Document Type

Conference Proceeding

Publication Date



The use of technology in sport and fitness training has rapidly become a tool for both athletes and coaches in monitoring performance variables for optimizing training stimulus and recovery (Duking, Hotho, Holmberg, Fuss, & Sperlich, 2016; Peake, Kerr & Sullivan, 2018). Wireless fitness trackers, GPS and accelerometry devices are growing in popularity with the athletic population outside of the clinical setting due to their lower cost and ease of use compared to traditional clinical measurement tools (Dellaserra, Gao & Ransdell, 2014). With the increased popularity of these devices comes the necessity to understand and validate the information collected from them (Kooiman et al., 2015). Previous research has validated the measurement capability of wireless inertia sensors in the collection of curvilinear and linear velocity during upper body resistance exercise compared to 3D motion capture, which suggests it as a useful tool in a coaching environment (Sato, Beckham, Carroll, Bazyler, & Sha, 2015). Furthermore, wired or anchored devices limit the variety of exercises that can be measured, and may also present potentially more difficulty in managing data collection amongst several athletes simultaneously (Sato et al., 2015). Studies have examined the reliability and validity of wireless inertial sensor measurement compared to currently validated wired measurement tools like the GymAware (Orange et al., 2018). The use of specific algorithms to detect and measure different exercises restricts the extrapolation of results related to validity and reliability from one exercise to another (Sato et al., 2015). Few studies have been performed in relation to the validity of wireless inertia devices on measurement of vertical jumping performance. Therefore, the purpose of this study was to investigate the validity of a wireless measurement device on several types of vertical jump exercise. Specifically, this investigation examined static, countermovement, and drop jumps as measured with a wireless sensor compared with commercially available force plates.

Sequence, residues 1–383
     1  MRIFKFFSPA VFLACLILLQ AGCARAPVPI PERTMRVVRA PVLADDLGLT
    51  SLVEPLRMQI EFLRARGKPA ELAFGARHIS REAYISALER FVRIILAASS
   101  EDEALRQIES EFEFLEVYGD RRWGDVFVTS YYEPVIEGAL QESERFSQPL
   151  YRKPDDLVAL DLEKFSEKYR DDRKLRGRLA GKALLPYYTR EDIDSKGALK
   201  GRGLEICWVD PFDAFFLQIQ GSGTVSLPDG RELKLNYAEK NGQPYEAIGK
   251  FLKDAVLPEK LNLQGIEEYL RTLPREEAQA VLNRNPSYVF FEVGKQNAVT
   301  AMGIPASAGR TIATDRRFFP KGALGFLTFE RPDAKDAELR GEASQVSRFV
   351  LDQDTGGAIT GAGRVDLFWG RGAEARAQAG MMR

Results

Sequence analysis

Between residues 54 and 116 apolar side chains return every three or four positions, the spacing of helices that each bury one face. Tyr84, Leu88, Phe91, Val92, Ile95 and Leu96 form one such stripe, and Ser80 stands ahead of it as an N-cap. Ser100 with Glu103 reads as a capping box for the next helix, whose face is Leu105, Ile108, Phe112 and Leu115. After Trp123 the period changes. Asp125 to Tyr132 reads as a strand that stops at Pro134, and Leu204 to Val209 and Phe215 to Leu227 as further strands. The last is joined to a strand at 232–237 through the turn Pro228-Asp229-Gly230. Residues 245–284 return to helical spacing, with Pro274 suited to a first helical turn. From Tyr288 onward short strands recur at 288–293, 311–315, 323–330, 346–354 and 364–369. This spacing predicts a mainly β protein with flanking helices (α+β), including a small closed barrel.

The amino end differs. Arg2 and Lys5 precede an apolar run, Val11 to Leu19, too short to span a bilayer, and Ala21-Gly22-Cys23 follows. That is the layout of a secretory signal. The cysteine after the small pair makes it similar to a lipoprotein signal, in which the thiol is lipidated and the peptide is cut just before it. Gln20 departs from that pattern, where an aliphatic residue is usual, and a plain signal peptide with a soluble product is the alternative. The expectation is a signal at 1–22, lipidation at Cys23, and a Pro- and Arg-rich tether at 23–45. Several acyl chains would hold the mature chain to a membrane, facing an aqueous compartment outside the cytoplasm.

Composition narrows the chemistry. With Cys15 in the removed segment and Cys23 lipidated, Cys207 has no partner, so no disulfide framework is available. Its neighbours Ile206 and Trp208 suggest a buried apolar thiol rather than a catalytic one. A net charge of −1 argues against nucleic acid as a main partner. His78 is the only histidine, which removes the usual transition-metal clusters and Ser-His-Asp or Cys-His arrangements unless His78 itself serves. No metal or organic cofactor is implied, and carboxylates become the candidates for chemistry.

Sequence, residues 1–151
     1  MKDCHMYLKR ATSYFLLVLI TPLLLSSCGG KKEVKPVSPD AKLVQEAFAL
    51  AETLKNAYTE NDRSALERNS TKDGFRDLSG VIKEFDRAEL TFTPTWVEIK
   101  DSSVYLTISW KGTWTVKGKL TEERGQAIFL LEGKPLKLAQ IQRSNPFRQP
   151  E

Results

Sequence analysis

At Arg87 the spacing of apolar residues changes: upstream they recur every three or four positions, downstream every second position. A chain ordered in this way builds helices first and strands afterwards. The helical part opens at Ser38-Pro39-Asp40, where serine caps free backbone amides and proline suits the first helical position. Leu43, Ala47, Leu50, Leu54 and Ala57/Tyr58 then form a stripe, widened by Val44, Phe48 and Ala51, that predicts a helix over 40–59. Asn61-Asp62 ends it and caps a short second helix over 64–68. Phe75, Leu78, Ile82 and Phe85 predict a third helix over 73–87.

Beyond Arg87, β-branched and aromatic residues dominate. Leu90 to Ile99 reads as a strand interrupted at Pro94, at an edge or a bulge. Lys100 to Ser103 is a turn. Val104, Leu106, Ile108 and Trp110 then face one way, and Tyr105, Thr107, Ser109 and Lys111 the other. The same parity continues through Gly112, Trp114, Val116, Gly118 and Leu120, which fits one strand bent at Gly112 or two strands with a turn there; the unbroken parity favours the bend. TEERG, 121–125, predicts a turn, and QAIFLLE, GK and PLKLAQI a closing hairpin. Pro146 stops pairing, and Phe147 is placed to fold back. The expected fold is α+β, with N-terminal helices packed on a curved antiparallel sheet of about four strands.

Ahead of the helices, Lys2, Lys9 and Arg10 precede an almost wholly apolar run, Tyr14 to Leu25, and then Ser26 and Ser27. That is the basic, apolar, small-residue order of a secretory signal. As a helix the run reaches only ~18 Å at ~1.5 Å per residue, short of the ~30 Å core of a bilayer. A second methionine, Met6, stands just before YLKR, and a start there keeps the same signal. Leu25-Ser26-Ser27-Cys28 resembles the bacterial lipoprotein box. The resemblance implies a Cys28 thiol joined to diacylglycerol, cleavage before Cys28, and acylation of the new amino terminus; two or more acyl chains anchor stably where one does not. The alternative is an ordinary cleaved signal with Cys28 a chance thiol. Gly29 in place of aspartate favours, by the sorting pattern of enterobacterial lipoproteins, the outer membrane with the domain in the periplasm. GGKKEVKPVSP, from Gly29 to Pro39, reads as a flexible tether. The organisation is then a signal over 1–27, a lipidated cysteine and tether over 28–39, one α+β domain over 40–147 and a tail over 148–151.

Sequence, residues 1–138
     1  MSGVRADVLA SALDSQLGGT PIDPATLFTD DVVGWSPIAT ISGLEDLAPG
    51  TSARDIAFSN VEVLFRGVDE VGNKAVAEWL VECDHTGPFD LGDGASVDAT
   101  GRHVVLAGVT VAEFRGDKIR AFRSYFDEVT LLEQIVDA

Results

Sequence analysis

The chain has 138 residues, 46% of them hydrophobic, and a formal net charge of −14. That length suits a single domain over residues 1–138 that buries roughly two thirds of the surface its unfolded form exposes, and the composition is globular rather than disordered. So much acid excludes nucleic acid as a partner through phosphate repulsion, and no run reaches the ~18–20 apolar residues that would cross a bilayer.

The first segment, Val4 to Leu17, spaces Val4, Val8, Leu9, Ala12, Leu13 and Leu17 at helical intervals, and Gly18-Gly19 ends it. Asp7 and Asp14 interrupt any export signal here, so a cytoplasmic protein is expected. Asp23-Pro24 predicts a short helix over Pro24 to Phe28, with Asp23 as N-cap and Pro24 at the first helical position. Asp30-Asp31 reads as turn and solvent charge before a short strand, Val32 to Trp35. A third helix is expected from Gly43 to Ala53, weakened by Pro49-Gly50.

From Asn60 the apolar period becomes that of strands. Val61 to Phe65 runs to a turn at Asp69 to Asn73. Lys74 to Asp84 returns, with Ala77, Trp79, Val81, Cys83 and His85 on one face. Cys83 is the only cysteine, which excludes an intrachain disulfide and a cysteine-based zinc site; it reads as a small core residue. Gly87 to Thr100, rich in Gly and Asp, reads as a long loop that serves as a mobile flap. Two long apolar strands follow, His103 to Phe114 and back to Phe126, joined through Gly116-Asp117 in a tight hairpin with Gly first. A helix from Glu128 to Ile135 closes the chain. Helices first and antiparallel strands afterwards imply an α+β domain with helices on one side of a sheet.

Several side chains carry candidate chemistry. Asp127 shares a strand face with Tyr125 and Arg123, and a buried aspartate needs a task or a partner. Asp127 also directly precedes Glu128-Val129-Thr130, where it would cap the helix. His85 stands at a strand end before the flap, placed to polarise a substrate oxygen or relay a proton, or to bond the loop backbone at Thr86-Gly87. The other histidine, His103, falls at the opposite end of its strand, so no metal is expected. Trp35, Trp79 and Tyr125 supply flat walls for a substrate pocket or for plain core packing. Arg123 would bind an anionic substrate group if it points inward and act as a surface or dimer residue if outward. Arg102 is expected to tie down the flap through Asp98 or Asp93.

13th Annual Coaching and Sport Science College Conference, East Tennessee State University.

At the time this article was researched and written Nicholas Anagost was an undergraduate in the Exercise Science program and Alexandra Lates was a master of science student in the Exercise Science program at Sacred Heart University.


Coaching and Sport Science College Proceedings

Conference Name

13th Annual Coaching and Sport Science College Conference

Conference Site



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